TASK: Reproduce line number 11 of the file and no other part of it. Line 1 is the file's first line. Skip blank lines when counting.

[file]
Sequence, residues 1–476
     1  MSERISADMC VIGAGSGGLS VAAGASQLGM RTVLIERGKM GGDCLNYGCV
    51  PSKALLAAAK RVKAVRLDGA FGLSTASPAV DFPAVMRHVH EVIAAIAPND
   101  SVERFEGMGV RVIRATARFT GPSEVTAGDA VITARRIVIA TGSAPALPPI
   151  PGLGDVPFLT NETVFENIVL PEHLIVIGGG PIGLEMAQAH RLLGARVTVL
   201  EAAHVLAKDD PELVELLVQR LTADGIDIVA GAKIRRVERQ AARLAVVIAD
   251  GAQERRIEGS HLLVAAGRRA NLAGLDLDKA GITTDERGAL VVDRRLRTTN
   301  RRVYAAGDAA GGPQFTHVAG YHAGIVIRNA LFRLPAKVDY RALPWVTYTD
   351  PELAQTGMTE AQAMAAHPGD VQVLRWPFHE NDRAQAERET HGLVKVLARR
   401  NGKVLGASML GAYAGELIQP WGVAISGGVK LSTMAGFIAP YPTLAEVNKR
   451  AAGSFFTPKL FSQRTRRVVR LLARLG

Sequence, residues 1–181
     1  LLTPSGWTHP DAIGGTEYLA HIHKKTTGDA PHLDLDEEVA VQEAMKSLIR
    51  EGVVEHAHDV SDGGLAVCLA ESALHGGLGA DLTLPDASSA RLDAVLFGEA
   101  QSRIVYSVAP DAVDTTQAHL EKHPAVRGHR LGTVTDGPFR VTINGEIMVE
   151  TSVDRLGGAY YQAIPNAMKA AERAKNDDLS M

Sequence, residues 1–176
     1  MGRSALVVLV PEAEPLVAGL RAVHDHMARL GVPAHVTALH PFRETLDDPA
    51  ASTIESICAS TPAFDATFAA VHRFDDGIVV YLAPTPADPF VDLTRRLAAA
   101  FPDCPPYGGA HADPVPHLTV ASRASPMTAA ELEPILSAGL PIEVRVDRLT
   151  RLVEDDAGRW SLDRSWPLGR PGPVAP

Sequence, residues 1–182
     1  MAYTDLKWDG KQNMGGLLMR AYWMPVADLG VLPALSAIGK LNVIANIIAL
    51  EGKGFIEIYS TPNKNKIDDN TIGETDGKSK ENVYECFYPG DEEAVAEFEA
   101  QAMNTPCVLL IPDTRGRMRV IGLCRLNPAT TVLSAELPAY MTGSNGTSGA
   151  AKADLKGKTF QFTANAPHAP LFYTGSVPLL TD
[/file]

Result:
   451  AAGSFFTPKL FSQRTRRVVR LLARLG